Oil slicks spotted in hunt for missing jet
KUALA LUMPUR, Malaysia (AP) — Vietnamese air force planes yesterday spotted two large oil slicks close to where a Malaysia Airlines Boeing 777 went missing earlier in the day, the first sign that the aircraft carrying 239 people had crashed.
The air force planes were part of a multinational search operation launched after Flight MH370 fell off radar screens less than an hour after it took off from Kuala Lumpur for Beijing early yesterday morning.
The oil slicks were spotted late yesterday off the southern tip of Vietnam and were each between 10 kilometres (six miles) and 15 kilometres (nine miles) long, the Vietnamese Government said in a statement. There was no confirmation that the slicks were related to the missing plane, but the statement said they were consistent with the kinds that would be produced by the two fuel tanks of a crashed jetliner.
At a news conference in Beijing early today, Ignatius Ong, CEO of Malaysia Airlines subsidiary Firefly airlines, said the plane's whereabouts were still unknown.
Two-thirds of the plane's passengers were from China, while others were from elsewhere in Asia, North America and Europe.
Malaysia Airlines CEO Ahmad Jauhari Yahya said there was no indication that the pilots had sent a distress signal, suggesting that whatever happened to the plane occurred quickly and possibly catastrophically.
Ong said the plane was last inspected 10 days ago and was "in proper condition".
Asked whether terrorism was suspected, Malaysian Prime Minister Najib Razak said, "We are looking at all possibilities, but it is too early to make any conclusive remarks."
Foreign ministry officials in Italy and Austria said the names of two nationals from those countries listed on the flight's manifest matched passports reported stolen in Thailand.
Italy's Foreign Ministry said the Italian man who was listed as being a passenger, Luigi Maraldi, was travelling in Thailand and was not aboard the plane. It said he reported his passport stolen last August.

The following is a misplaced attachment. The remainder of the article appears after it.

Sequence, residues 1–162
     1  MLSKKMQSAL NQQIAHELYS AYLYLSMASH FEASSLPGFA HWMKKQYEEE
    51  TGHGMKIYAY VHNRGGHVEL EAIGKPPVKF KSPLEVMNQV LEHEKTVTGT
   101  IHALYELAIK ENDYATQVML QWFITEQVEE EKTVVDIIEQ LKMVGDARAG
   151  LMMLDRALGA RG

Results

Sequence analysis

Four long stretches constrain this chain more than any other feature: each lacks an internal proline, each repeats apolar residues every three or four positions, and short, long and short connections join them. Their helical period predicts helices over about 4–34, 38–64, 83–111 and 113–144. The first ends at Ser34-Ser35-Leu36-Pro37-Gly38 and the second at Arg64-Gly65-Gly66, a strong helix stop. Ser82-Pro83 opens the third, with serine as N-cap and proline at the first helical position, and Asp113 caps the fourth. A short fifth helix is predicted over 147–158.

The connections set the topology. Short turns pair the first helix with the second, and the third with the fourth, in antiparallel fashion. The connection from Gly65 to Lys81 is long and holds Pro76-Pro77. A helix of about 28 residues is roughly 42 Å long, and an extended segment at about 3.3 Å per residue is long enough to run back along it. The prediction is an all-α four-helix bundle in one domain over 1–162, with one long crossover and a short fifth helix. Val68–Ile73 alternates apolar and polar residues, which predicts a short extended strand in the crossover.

Austria's Foreign Ministry confirmed that a name listed on the manifest matched an Austrian passport reported stolen two years ago in Thailand. It said the Austrian was not on the plane, but would not confirm the person's identity.
At Beijing's airport, authorities posted a notice asking relatives and friends of passengers to gather at a nearby hotel to wait for further information, and provided a shuttle bus service. A woman wept aboard the bus while saying on a mobile phone, "They want us to go to the hotel. It cannot be good."
Relatives and friends of passengers were escorted into a private area at the hotel, but reporters were kept away. A man in a gray hooded sweatshirt later stormed out complaining about a lack of information. The man, who said he was a Beijing resident but declined to give his name, said he was anxious because his mother was on board the flight with a group of 10 tourists.
"We have been waiting for hours and there is still no verification," he said.
The plane was last detected on radar at 1:30 am (1730 GMT Friday) around where the South China Sea meets the Gulf of Thailand, authorities in Malaysia and Vietnam said.
Lai Xuan Thanh, director of Vietnam's civil aviation authority, said air traffic officials in the country never made contact with the plane.
The plane "lost all contact and radar signal one minute before it entered Vietnam's air traffic control", Lt Gen Vo Van Tuan, deputy chief of staff of the Vietnamese army, said in a statement.
The South China Sea is a tense region with competing territorial claims that have led to several low-level conflicts, particularly between China and The Philippines. That antipathy briefly faded yesterday as China, The Philippines, Vietnam, Singapore and Malaysia all sent ships and planes to the region.
Najib said Malaysia had dispatched 15 planes and nine ships to the area. The US Navy was sending a warship and a surveillance plane, while Singapore said it would send a submarine and a plane. China and Vietnam also were sending aircraft to help in the search.
It's not uncommon for it to take several days to find the wreckage of aircraft floating on the ocean. Locating and then recovering the flight data recorders, vital to any investigation, can take months or even years.